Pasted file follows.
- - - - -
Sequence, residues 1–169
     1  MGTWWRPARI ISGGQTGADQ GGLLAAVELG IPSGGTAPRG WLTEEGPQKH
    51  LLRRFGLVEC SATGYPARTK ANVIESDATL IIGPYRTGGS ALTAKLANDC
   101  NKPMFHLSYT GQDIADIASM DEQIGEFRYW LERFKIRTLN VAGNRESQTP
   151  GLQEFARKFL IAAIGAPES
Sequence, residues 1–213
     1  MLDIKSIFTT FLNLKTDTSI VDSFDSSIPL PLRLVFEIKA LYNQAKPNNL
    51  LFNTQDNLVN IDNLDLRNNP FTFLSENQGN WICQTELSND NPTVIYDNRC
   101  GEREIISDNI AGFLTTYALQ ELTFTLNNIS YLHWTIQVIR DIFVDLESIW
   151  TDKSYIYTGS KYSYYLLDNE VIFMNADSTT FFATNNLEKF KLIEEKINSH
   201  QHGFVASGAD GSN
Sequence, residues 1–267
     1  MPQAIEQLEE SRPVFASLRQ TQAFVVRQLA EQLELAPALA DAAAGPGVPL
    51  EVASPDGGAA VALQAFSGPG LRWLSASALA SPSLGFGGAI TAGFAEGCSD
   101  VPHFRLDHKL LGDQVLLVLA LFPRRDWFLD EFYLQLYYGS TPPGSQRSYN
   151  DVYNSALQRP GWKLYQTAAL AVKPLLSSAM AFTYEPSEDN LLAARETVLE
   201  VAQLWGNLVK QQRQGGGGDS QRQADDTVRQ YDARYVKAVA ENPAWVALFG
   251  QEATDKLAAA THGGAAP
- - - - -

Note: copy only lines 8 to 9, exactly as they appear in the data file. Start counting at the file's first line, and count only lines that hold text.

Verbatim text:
    51  LFNTQDNLVN IDNLDLRNNP FTFLSENQGN WICQTELSND NPTVIYDNRC
   101  GEREIISDNI AGFLTTYALQ ELTFTLNNIS YLHWTIQVIR DIFVDLESIW